H. C. Burger, C. J. Schuler, and S. Harmeling.
Image denoising: Can plain neural networks compete with bm3d?
In
Proc. IEEE Int. Conf. Computer Vision and Pattern Recognition
, pages 2392–2399, 2012.  [6] Y. Chen and T. Pock. Trainable nonlinear reaction diffusion: A flexible framework for fast and effective image restoration. IEEE Trans. Pattern Anal. Mach. Intell, 2016. to appear.
 [7] K. Dabov, A. Foi, V. Katkovnik, and K. Egiazarian. Image denoising by sparse 3d transformdomain collaborative filtering. IEEE Trans. Image Process., 16(8):2080–2095, 2007.
 [8] A. Danielyan, V. Katkovnik, and K. Egiazarian. Bm3d frames and variational image deblurring. IEEE Trans. Image Process., 21(4):1715–1728, 2012.
 [9] M. Elad, P. Milanfar, and R. Rubinstein. Analysis versus synthesis in signal priors. Inverse problems, 23(3):947, 2007.
 [10] A. Elmoataz, O. Lezoray, and S. Bougleux. Nonlocal discrete regularization on weighted graphs: a framework for image and manifold processing. IEEE Trans. Image Proces., 17:1047–1060, 2008.
 [11] D. Erhan, C. Szegedy, A. Toshev, and D. Anguelov. Scalable object detection using deep neural networks. In Proc. IEEE Int. Conf. Computer Vision and Pattern Recognition, pages 2147–2154, 2014.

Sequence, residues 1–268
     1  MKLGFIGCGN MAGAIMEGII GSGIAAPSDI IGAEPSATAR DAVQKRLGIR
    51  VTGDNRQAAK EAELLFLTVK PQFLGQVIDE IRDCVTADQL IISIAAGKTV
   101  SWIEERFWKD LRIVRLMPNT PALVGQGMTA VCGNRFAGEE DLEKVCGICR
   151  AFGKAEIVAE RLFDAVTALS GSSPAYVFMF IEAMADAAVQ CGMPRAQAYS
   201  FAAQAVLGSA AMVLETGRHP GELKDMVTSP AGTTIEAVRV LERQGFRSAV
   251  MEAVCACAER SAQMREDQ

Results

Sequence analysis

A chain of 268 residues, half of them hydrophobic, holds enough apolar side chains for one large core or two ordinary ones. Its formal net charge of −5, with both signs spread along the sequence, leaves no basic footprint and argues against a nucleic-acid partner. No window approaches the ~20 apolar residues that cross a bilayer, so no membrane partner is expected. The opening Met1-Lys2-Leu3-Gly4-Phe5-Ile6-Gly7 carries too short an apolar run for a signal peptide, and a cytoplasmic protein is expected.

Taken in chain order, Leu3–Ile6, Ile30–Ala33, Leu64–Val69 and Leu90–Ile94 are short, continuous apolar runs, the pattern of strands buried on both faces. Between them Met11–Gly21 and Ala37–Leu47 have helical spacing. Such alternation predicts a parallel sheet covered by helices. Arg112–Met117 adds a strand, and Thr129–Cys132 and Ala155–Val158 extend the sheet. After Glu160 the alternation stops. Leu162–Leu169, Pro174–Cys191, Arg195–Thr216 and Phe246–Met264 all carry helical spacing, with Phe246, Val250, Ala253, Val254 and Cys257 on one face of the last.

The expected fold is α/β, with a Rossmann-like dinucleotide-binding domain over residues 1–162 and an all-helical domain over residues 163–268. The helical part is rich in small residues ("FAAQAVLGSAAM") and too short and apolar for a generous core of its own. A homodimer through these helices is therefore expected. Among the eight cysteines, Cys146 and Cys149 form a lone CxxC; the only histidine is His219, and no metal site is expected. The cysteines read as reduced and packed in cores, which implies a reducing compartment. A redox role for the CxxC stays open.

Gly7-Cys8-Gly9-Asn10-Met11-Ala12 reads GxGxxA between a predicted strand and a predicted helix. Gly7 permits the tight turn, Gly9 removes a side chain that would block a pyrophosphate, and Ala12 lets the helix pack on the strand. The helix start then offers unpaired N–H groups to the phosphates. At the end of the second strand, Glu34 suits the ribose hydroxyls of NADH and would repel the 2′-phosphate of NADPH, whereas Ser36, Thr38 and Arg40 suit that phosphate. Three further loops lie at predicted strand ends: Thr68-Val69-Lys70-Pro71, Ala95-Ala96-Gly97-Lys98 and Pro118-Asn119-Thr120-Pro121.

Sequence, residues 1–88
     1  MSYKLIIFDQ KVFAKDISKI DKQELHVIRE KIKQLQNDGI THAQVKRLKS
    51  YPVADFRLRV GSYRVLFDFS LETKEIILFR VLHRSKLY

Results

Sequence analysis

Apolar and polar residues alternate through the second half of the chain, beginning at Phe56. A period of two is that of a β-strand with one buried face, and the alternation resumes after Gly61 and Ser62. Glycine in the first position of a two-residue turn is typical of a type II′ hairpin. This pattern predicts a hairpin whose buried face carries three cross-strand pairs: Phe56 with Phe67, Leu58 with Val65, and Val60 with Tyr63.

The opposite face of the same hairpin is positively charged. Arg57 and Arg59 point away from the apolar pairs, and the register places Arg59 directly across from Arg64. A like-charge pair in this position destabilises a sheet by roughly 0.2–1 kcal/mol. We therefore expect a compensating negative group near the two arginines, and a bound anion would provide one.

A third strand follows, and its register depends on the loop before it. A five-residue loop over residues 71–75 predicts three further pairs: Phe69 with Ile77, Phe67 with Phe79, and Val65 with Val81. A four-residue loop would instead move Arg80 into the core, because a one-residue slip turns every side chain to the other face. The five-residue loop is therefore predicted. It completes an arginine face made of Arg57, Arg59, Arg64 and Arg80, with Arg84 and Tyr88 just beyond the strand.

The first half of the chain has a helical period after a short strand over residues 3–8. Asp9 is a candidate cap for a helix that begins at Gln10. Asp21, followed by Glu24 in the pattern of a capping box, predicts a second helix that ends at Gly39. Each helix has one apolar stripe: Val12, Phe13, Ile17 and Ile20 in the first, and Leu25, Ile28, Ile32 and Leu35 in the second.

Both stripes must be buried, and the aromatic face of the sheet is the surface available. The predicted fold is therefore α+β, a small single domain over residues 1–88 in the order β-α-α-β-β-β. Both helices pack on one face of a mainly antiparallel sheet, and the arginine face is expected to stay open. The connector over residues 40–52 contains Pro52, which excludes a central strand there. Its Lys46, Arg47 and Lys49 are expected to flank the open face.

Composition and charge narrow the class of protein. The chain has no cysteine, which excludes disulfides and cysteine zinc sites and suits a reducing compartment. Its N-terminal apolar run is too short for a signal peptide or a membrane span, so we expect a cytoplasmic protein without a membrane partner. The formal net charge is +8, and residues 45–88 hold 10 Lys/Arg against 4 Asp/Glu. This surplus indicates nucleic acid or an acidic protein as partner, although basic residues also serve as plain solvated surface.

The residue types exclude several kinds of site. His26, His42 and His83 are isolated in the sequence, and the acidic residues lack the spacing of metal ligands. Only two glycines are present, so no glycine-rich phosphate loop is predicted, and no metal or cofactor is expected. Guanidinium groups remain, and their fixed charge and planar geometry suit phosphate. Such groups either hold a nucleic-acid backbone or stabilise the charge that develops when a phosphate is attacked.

[12] S. Esedoglu and S. Osher. Decomposition of images by the anisotropic RudinOsherFatemi model. Communications on pure and applied mathematics, 57(12):1609–1626, 2004.
 [13] M. Figueiredo, J. BioucasDias, and R. Nowak. Majorization–minimization algorithms for waveletbased image restoration. IEEE Trans. Image Process., 16:2980–2991, 2007.
 [14] G. Gilboa and S. Osher. Nonlocal operators with applications to image processing. Multiscale Model. Simul., 7:1005–1028, 2008.
 [15] S. Gu, L. Zhang, W. Zuo, and X. Feng. Weighted nuclear norm minimization with application to image denoising. In Proc. IEEE Int. Conf. Computer Vision and Pattern Recognition, pages 2862–2869, 2014.
 [16] K. He, X. Zhang, S. Ren, and J. Sun. Deep residual learning for image recognition. In Proc. IEEE Int. Conf. Computer Vision and Pattern Recognition, 2016.
 [17] Y. H. Hu and J.N. Hwang. Handbook of neural network signal processing. CRC press, 2001.
 [18] J. Kim, K. Lee, and K. M. Lee. Accurate image superresolution using very deep convolutional networks. In Proc. IEEE Int. Conf. Computer Vision and Pattern Recognition, pages 1646–1654, 2016.
 [19] S. Kindermann, S. Osher, and P. W. Jones. Deblurring and denoising of images by nonlocal functionals. Multiscale Model. Simul., 4:1091–1115, 2005.
 [20] A. Krizhevsky, I. Sutskever, and G. E. Hinton. Imagenet classification with deep convolutional neural networks. In Advances in neural information processing systems, pages 1097–1105, 2012.
 [21] S. Lefkimmiatis, A. Bourquard, and M. Unser. Hessianbased norm regularization for image restoration with biomedical applications. IEEE Trans. Image Process., 21(3):983–995, 2012.
 [22] S. Lefkimmiatis and S. Osher. Nonlocal Structure Tensor functionals for image regularization. IEEE Trans. Comput. Imaging, 1:16–29, 2015.